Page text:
The "Welsh Witch", Stevie Nicks, is back with her eighth solo studio album called 24 Karat Gold: Songs from the Vault, and as the title suggests, the record features new recordings of old songs Nicks has kept locked away since the late 1960's. To reimagine the decades-old tracks, she's enlisted the help of a squeaky clean Nashville backing band and squeky clean pop stars like Lady Antebellum and Vanessa Carlton. Jim is not a fan of these choices. He misses the old Stevie's Celtic folk feel and her ethereal voice, which is now starting to show its age. Jim knows the Stevie Nicks-faithful will still want to try the album, but its mediocre songs and altered star make it a Trash It for the rest of us. Greg also misses Nicks‘ distinctive personality and tires of the album’s inability to turn her meandering ideas into more shapely pop songs. Greg credits Nicks' former love and Fleetwood Mac bandmate Lindsey Buckingham for helping her achieve that in the past, but he's nowhere to be found on this record; except in many of the song's lyrics, which provide a sometimes uncomfortably voyeristic window into the couple's storied relationship. That said, the stripped-down piano and "Landslide"-like vocals on the song "Lady" are impressive, so Greg gives 24 Karat Gold: Songs from the Vault a conditional Try It.


Featured Songs

  1. Spirit, Taurus, Spirit, Epic, 1968
  2. Wings, Beware My Love, Wings at the Speed of Sound (Deluxe Edition), Hear Music, 2014
  3. Ozzy Osbourne, Mr Crowley, Mr Crowley (Single), Epic, 1980
  4. Little Richard, Keep a Knockin', The Incredible Little Richard Sings His Greatest Hits – Live!, Modern Records, 1966
  5. H.P. Lovecraft, At the Mountains of Madness, H.P. Lovecraft II, Philips, 1968
  6. Led Zeppelin, Immigrant Song, Led Zeppelin III, Atlantic, 1970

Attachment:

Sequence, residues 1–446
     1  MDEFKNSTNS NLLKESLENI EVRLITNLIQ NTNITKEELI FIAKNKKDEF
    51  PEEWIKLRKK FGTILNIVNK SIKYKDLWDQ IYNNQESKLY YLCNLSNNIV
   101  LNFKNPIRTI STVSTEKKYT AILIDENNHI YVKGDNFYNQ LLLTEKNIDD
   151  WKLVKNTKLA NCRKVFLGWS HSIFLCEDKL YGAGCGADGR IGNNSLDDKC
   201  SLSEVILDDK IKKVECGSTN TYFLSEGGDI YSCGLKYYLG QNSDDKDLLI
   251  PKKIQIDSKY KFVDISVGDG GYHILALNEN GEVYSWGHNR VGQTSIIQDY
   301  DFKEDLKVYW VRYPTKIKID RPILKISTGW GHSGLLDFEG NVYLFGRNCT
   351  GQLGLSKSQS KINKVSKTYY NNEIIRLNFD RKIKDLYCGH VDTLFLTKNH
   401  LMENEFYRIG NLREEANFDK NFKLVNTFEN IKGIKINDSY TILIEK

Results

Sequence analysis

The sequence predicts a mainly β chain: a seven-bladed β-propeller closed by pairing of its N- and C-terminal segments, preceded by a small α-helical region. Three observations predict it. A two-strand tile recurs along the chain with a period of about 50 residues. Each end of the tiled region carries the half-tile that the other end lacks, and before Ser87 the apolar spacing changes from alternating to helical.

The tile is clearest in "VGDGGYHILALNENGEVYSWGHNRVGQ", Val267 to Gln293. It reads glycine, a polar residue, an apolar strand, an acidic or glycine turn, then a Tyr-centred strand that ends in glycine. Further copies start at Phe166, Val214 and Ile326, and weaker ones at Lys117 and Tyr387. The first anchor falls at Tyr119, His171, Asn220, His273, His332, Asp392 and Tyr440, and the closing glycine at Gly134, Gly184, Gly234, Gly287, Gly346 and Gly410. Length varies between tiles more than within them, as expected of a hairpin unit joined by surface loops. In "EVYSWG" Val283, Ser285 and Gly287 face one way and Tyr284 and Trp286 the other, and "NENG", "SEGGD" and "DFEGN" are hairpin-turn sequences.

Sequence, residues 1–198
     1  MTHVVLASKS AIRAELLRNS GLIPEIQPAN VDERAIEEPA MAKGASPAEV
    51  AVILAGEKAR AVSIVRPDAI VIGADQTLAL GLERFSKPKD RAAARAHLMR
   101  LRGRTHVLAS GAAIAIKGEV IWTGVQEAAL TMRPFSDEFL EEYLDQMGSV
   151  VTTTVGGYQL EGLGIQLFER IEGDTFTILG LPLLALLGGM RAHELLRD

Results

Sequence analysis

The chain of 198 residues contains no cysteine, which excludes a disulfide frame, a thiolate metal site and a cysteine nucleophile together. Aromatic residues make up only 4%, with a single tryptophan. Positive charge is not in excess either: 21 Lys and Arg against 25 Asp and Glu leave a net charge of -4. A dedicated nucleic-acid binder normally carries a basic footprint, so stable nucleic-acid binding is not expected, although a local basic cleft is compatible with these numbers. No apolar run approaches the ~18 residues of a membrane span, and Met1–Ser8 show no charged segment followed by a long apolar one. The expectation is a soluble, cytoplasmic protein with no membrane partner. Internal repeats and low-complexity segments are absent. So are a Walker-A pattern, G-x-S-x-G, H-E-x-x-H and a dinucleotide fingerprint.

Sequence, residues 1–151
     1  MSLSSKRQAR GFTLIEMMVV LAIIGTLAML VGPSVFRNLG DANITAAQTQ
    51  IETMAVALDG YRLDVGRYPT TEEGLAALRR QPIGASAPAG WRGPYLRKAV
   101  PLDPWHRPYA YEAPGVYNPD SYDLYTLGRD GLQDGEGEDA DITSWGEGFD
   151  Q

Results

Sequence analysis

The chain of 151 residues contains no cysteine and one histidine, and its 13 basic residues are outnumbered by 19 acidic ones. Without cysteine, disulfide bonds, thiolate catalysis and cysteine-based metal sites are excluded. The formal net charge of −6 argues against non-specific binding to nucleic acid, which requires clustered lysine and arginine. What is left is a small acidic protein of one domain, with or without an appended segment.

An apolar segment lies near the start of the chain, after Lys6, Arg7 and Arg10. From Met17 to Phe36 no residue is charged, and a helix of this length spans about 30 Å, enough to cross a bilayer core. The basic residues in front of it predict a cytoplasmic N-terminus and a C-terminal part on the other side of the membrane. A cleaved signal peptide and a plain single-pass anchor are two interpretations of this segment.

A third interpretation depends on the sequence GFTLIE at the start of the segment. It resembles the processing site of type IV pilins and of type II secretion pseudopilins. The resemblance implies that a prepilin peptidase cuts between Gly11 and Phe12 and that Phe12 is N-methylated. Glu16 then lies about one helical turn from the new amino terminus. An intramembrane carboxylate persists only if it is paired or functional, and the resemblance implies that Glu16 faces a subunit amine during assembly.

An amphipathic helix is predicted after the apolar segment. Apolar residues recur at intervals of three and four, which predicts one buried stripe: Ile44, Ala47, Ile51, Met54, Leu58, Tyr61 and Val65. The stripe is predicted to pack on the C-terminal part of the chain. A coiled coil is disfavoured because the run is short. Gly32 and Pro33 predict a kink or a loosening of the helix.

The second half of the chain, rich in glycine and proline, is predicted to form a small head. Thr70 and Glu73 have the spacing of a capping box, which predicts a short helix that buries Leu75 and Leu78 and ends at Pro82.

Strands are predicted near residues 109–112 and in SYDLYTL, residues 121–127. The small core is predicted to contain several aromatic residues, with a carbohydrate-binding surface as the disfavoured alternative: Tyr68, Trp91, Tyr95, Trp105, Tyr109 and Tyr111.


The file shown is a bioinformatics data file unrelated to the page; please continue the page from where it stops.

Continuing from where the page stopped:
7. Led Zeppelin, The Battle of Evermore, Led Zeppelin IV, Atlantic, 1971
  8. Ronald Dyson and Company, Aquarius, The Age of Aquarius, Soul City, 1969
  9. Pink Floyd, Chapter 24, The Piper at the Gates of Dawn, EMI Columbia, 1967
  10. Pink Floyd, Lucifer Sam, The Piper at the Gates of Dawn, EMI Columbia, 1967
  11. Coven, The White Witch of Rose Hall, Witchcraft Destroys Minds & Reaps Souls, Mercury Records, 1969
  12. Kiss, God of Thunder, Destroyer, Casablanca, 1976
  13. Jay-Z, Heaven, Magna Carta Holy Grail, Roc-A-Fella, 2013
  14. Can, Aumgn, Tago Mago, United Artists, 1971
  15. Sunn O))), Candlewolf of the Golden Chalice, Candlewolf of the Golden Chalice, Anti-Mosh, 2004
  16. Broadcast and The Focus Group, a seancing song, Broadcast And The Focus Group Investigate Witch Cults Of The Radio Age, Warp Records, 2009
  17. Bauhaus, Bela Lugosi's Dead, Press Eject and Give Me the Tape, Beggars Banquet, 1982
  18. Stevie Nicks, 24 Karat Gold, 24 Karat Gold – Songs from the Vault, Reprise, 2014
  19. Stevie Nicks, Hard Advice, 24 Karat Gold – Songs from the Vault, Reprise, 2014
  20. Stevie Nicks, Lady, 24 Karat Gold – Songs from the Vault, Reprise, 2014
  21. Electric Light Orchestra, Telephone Line, A New World Record, United Artists, 1976
  22. Sturgill Simpson, Turtles All the Way Down, Metamodern Sounds in Country Music, High Top Mountain, 2014
  23. Man Man, Head On, On Oni Pond, Anti Records, 2013
  24. The Extraordinaires, Blue Moon, Dress for Nasty Weather, Color Theory Records, 2014

Footnotes Spirit Vs. Led Zeppelin Paul McCartney + John Bonham Peter Bebergal Season of the Witch Stevie Nicks Lindsey Buckingham on Sound Opinions